2006 WI App 204

court of appeals of wisconsin

published opinion



Case No.:



Complete Title of Case:

†Petition for Review filed.



Linda L. Olson,




Lands’ End, Inc.,






Darlington Mutual Insurance Company,

Catherine J. Weber and Dennis Weber,


          Defendants-Respondents, †


Robbins & Myers, Inc. and ABC Insurance Company,






Opinion Filed:

September 21, 2006

Submitted on Briefs: 

February 6, 2006




Dykman, Deininger and Higginbotham, JJ.


Deininger, J.








On behalf of the plaintiffs-appellants, the cause was submitted on the briefs of Sheila Stuart Kelley of Kopp, McKichan, Geyer, Skemp & Stombaugh, LLP, Platteville. 






On behalf of the defendant-respondent, the cause was submitted on the brief of Arnold P. Anderson of Mohr & Anderson, LLC, Madison.


2006 WI App 204






September 21, 2006


Cornelia G. Clark

Clerk of Court of Appeals







This opinion is subject to further editing.  If published, the official version will appear in the bound volume of the Official Reports. 


A party may file with the Supreme Court a petition to review an adverse decision by the Court of Appeals.  See Wis. Stat. § 808.10 and Rule 809.62. 





Appeal No. 


Cir. Ct. No.  2003CV128







Linda L. Olson,




Lands’ End, Inc.,






Darlington Mutual Insurance Company,

Catherine J. Weber and Dennis Weber,




Robbins & Myers, Inc. and ABC Insurance Company,







            APPEAL from an order of the circuit court for Iowa County:  william d. Dyke, Judge.  Reversed.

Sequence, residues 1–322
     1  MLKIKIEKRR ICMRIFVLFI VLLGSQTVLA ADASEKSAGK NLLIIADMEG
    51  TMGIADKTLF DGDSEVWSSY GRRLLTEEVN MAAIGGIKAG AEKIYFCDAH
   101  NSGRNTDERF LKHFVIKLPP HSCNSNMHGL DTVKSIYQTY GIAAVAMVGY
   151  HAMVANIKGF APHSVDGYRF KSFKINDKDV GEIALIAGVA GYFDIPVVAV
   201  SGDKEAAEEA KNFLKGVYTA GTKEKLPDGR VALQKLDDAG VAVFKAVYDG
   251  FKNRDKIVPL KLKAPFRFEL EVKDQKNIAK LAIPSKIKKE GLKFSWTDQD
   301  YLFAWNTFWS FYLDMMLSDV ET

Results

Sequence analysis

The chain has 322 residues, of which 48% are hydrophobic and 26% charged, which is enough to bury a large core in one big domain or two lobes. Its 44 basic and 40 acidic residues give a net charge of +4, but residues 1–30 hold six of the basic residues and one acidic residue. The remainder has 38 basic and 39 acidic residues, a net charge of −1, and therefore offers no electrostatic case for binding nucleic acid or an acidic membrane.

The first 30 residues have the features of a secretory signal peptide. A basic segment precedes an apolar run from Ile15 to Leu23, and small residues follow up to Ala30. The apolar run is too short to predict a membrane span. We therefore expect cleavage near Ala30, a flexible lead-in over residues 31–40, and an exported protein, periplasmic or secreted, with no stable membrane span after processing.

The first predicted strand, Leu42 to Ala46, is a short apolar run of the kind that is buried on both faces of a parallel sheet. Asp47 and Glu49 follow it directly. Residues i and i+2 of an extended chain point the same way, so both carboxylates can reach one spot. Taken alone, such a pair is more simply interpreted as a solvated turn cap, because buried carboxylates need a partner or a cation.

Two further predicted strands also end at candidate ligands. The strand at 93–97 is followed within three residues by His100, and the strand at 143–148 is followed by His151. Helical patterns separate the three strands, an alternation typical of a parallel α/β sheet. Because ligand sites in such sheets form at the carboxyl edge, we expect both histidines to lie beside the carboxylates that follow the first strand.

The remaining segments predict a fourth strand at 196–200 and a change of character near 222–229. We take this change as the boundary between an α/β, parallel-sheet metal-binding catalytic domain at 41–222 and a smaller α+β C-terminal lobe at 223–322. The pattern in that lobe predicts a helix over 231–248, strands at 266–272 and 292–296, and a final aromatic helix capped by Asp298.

Before Dykman, Deininger and Higginbotham, JJ.

1        DYKMAN, J.   Linda L. Olson appeals from a non-final order compelling her to disclose to the remaining defendants the confidential settlement amount she received as a result of a Pierringer[1] release with defendant Robbins & Meyers, Inc.  The remaining joint tort-feasors are Darlington Mutual Insurance Company and its insureds, Catherine J. Weber and Dennis Weber (collectively “Darlington”).  Olson contends the trial court erred by compelling disclosure because the confidential settlement amount and the jurisdictional limit pleaded in her complaint are not inconsistent assertions.  We agree and therefore reverse.[2]


2        The parties do not dispute the following facts.  Linda L. Olson was injured at the Weber barn when her elbow came into contact with a large fan.  Olson sued the Webers (owners of the farm), Darlington (their insurance company), and Robbins & Meyers (the manufacturer of the fan).  In her complaint, Olson demanded judgment not to equal or exceed the amount necessary for removal to federal court, $75,000.  Olson then entered into a confidential Pierringer release with defendant Robbins & Meyers, dismissing them from the litigation.  Darlington moved the court to compel disclosure of the settlement amount, asserting that Olson’s request for less than $75,000 in her complaint to avoid removal to federal court precluded her from maintaining the confidentiality of the amount of the settlement.  The trial court granted the motion to compel under the doctrine of judicial estoppel and “simple fairness,” finding that Olson was required to disclose the settlement amount to allow Darlington to assess its remaining potential liability within Olson’s asserted $75,000 of damages.[3]  We granted Olson leave to appeal the order. 

Standard of Review

3        Darlington argues that Olson has the burden to prove that the trial court erroneously exercised its discretion by invoking judicial estoppel and, absent that showing, we may not address the issue on its merits.  We disagree.  Whether the elements of judicial estoppel have been met by the facts in a particular case is a question of law for appellate courts, reviewable de novo.  Salveson v. Douglas County, 2001 WI 100, ¶38, 245 Wis. 2d 497, 630 N.W.2d 182.  Once those elements have been met, it is within the discretion of the trial court whether to invoke the doctrine.  Id.  Thus, we review whether the elements of judicial estoppel apply to the facts of this case de novo.